With an eye to the 700 million worldwide users it says play video games on its site, Facebook is updating its mobile app to feature a dedicated Gaming tab. The tab will be located in the main navigation bar, so that users can go directly to news, streams, gaming groups and other related content. The tab also points users to instant games they can play with friends, eSports organizations, videos from popular streamers, and game publishers. The new tab is built on Fb.gg, the gaming destination Facebook debuted last year. Continue reading Facebook Launches Dedicated Gaming Tab on Updated App

Three Tech Giants Experience Outages, Glitches This Week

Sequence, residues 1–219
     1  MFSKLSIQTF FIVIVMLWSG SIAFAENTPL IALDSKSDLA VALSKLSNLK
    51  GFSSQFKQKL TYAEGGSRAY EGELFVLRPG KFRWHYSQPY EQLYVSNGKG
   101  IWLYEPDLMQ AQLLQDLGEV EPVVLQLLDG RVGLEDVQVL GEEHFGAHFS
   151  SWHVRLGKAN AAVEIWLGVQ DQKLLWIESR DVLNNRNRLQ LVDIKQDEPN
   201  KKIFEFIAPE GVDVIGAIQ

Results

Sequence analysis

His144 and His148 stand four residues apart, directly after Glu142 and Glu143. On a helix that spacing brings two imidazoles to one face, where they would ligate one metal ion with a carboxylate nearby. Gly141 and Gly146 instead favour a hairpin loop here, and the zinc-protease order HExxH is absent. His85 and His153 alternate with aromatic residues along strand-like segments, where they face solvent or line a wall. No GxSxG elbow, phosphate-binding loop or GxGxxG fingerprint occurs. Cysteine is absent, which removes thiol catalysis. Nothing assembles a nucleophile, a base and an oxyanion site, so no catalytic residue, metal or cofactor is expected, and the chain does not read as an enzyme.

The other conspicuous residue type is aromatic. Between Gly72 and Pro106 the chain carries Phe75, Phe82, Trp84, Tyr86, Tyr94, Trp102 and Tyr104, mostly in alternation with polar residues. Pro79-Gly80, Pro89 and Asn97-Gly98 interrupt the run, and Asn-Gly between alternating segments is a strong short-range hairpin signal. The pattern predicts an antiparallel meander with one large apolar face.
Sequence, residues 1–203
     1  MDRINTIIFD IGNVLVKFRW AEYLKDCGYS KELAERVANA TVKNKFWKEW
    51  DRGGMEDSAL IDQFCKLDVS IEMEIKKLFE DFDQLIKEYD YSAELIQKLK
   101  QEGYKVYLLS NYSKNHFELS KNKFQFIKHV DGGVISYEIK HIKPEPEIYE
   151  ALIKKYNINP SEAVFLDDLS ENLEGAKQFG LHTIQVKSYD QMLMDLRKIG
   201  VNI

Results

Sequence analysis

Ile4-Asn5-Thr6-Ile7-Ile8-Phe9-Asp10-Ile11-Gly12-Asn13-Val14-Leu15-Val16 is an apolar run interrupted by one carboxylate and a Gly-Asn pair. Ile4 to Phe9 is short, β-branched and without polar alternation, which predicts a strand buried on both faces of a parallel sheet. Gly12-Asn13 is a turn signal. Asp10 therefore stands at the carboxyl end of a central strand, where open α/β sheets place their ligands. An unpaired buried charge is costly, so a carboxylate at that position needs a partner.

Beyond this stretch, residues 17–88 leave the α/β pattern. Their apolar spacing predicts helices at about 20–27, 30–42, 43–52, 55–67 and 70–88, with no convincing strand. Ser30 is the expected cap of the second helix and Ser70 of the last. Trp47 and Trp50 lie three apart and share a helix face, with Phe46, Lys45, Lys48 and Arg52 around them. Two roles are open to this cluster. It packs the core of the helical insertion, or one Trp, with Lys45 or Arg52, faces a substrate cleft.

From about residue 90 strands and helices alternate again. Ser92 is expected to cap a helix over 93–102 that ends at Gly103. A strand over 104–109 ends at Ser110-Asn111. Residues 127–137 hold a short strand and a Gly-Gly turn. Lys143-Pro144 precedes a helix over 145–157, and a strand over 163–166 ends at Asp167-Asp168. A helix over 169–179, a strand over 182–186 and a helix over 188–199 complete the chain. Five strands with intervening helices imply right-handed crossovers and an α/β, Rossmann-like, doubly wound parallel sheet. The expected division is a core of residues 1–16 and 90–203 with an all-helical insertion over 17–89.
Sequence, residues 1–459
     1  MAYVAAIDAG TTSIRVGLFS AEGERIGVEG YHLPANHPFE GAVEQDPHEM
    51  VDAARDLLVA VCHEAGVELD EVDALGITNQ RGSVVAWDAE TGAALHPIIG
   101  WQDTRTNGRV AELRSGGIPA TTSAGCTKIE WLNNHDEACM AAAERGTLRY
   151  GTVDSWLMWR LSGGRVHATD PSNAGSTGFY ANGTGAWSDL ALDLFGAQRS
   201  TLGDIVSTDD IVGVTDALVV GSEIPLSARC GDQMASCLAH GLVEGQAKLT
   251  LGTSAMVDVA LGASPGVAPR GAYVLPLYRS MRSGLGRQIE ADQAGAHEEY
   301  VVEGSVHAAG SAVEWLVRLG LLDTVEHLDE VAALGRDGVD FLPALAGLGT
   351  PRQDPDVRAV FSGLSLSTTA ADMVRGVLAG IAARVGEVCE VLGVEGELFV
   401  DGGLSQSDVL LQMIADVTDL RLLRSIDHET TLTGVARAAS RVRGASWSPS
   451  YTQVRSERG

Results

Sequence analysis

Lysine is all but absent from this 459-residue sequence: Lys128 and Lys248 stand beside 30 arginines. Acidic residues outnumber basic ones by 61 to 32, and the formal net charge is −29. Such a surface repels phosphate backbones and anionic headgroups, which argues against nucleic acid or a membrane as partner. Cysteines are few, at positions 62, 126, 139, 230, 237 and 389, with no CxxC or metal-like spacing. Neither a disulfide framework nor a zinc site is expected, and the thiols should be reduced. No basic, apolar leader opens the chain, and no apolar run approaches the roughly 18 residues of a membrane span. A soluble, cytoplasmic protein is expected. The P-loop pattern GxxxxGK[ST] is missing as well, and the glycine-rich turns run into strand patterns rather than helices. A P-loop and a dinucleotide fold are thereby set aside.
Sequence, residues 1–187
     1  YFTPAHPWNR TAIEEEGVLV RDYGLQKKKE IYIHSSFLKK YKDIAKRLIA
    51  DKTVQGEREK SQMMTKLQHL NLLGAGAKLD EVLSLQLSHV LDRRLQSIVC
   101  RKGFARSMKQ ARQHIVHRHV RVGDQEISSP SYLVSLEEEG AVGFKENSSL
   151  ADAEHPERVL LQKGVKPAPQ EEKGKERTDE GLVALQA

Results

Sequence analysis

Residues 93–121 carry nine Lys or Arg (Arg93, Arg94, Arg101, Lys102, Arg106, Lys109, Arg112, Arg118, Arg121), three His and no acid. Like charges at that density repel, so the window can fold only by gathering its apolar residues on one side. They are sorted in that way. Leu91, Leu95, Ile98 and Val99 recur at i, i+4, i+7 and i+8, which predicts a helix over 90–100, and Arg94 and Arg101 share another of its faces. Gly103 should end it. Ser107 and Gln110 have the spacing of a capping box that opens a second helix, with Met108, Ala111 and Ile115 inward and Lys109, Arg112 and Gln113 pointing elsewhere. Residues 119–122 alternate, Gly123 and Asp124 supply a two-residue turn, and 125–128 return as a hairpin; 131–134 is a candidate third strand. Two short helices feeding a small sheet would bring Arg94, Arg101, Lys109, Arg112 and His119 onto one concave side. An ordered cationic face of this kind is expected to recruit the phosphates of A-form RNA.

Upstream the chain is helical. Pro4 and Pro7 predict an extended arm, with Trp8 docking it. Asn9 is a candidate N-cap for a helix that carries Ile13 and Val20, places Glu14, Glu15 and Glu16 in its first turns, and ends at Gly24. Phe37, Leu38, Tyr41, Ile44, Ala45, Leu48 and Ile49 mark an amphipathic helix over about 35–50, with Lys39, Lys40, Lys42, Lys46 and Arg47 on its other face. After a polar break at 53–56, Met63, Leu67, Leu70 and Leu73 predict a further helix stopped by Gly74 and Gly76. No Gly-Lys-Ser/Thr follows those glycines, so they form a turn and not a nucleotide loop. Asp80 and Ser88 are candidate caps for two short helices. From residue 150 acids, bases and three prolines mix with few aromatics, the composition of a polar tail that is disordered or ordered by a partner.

Computer systems at Facebook, Google and Apple went offline temporarily when all three companies experienced a coincidental array of tech glitches. Facebook experienced a daylong outage that the company blamed on a server configuration error. The outage affected the Facebook app, photo-sharing app Instagram and WhatsApp messaging service. At Alphabet’s Google, services such as Gmail experienced a series of problems that reportedly resulted from engineers tweaking an internal storage service. In addition, some Apple iCloud services were affected for more than four hours yesterday. Continue reading Three Tech Giants Experience Outages, Glitches This Week